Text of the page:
Social Justice Goes to Church:
The New Left in Modern American Evangelicalism
(Ambassador International, Belfast, 2020)
Reviewed by Colin R Reeves
The idea1 of ‘Social Justice’ has been creeping into the evangelical church for some years, although many believers were probably unaware of it. Even many pastors in the UK may not have seen it as a significant threat. But with the rise of ‘Black Lives Matter’ in 2020, we are now saturated with it. Christians are becoming ‘woke’ in the UK2, if not yet as much as in the USA. A narrative based on ‘critical theory’ has taken hold, especially in the area of ‘race’ although feminism, LGBT and transgenderism are coming down the tracks.
How did this happen? Jon Harris has studied this phenomenon3 for several years, having come across it while a student at Southeastern Baptist Seminary. There he found lecturers emphasizing categories taken from critical theory: the fundamental idea being to divide people into two groups based on power relationships; you are either a power-less ‘victim’ or a power-full ‘oppressor.’ These categories do not depend on actual sins of oppression, or actual victimization; rather they are based on group identity—black people, women, homosexuals are victims; white people, men, ‘straight’ people are oppressors. On this basis, terms such as ‘systemic racism’, ‘white privilege’, ‘standpoint epistemology’ have become embedded in our culture, and are now making headway in the church4. Rather than viewing culture through the lens of biblical categories, ‘woke’ leaders now apply secular categories to the Scriptures.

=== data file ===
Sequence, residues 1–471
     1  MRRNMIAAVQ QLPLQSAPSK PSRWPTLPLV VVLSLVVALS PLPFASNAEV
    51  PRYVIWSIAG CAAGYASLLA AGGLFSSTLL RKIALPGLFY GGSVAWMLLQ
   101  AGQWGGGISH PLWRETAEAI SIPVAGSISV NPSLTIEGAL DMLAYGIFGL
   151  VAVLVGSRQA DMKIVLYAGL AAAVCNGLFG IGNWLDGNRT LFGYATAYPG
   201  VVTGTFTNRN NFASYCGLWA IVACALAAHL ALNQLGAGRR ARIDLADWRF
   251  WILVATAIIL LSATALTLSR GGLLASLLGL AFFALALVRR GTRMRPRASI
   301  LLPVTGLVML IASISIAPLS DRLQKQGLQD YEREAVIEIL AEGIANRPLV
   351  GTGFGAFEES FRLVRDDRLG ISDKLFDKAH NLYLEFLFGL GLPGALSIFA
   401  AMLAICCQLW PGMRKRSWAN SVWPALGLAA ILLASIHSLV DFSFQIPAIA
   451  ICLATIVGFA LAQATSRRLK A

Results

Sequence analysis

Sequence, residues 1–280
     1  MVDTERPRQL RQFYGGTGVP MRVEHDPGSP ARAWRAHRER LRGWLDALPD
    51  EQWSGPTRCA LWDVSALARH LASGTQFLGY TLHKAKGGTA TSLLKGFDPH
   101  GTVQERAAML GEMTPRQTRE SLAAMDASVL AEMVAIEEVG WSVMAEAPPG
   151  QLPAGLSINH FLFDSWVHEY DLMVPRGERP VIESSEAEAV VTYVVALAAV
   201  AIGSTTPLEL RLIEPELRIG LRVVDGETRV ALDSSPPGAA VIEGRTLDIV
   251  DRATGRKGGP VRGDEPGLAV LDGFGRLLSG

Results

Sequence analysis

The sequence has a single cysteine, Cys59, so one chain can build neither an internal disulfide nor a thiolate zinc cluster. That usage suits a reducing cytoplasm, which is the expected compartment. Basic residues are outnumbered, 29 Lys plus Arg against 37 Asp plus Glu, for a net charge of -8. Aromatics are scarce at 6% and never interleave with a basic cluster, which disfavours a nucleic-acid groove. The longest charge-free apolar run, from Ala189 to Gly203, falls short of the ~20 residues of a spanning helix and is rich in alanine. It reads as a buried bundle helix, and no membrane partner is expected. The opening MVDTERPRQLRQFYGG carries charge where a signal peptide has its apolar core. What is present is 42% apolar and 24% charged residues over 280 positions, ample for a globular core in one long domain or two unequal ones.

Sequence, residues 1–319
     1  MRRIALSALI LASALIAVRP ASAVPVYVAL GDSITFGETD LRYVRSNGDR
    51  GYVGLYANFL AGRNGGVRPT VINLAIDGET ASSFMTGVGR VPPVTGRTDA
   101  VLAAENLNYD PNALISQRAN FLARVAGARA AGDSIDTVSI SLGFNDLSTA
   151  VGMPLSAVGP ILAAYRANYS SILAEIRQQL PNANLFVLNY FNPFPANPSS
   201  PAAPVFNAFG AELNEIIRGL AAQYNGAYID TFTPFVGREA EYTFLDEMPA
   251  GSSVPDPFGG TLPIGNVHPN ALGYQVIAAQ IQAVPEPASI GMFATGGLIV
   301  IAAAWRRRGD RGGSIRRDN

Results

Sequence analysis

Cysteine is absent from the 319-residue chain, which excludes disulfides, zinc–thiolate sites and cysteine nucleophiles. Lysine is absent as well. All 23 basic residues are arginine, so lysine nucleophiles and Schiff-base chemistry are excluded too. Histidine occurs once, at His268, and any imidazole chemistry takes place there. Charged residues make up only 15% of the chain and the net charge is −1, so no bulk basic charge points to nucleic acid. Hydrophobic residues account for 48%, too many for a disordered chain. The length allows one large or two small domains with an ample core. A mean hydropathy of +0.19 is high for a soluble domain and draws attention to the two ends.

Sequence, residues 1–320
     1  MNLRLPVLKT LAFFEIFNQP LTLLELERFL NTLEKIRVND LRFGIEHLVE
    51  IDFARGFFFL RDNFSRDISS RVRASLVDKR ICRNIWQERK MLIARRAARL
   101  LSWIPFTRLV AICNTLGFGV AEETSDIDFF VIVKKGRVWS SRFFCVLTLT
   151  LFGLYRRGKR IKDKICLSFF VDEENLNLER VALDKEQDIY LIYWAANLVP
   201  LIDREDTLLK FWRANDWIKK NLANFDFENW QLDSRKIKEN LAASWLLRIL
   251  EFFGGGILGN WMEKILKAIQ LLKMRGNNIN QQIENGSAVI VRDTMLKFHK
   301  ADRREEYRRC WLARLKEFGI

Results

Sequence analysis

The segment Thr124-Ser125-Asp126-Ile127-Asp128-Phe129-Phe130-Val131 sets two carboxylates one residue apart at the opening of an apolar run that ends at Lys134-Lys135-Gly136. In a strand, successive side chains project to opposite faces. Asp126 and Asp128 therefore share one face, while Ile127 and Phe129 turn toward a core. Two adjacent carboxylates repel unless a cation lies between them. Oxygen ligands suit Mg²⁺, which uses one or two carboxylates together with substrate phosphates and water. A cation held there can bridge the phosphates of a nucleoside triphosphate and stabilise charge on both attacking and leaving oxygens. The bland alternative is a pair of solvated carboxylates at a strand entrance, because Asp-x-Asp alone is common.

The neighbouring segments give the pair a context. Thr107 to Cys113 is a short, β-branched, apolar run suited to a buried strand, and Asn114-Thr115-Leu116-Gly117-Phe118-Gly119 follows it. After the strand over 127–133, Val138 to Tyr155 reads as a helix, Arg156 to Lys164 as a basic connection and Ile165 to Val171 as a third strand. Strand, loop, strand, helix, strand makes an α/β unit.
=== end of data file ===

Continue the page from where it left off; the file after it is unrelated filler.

As a historian, Harris knew that a similar emphasis had arisen in evangelicalism in the 1970s, before apparently fading away. I am old enough to remember when books by Ron Sider and Jim Wallis were popular. Harris shows that it did not go away, and he traces the way in which some in the next generation of evangelicals quietly absorbed the message of social concern as defining the gospel. Moreover, the social action promoted was not the older idea defined by the Lausanne Covenant of 1974, but was taken from critical theory—a blend of the cultural Marxism of the Frankfurt School with post-modernism. More central social concerns of the 1970s, especially abortion, were largely ignored.
One of the key personalities in this ‘progressive’ evangelicalism, besides Sider and Wallis, whose Sojourners magazine carried the post-1970s torch, was Richard Mouw (Fuller Seminary), who sought to provide their ideas with a theological underpinning. Harris provides a clear analysis of his thought and influences. But the revival of progressivism in the early 2000s owes most to Timothy Keller. His book Generous Justice (Penguin, 2012) was a milestone in the introduction of what are now called ‘woke’ ideas into mainstream evangelicalism.
That book has not been without its critics, both for its re-definition of what the Bible means by justice, and for his misuse of a famous sermon by Jonathan Edwards. But Harris’s Appendix, devoted solely to Dr Keller, discusses his influences, starting from the cultural Marxists of the Frankfurt School, and moving on to progressives like Mouw, Sider, Wallis and John Perkins, and post-modern thinkers like Foucault. He then shows Keller’s development through acceptance of systemic injustice and white privilege, documenting this from his sermons. Keller’s big idea all along has been to ground Marxist solutions on a biblical basis; unfortunately the Marxist house is incompatible with the biblical foundation.
Harris reports all this largely without comment—in fact, the book as a whole is dispassionately written; his aim is to describe the different streams of thought that have brought evangelicalism to a state where (apart from a significant movement of the Holy Spirit) a separation of ‘woke’ and ‘unwoke’ leaders and churches is becoming likelier by the week. Harris’s own views on these developments are clear from his video channel, but here he is content to act as the historical reporter and leave the drawing of conclusions to the reader. As such, it is highly recommended to elders and concerned laypeople alike.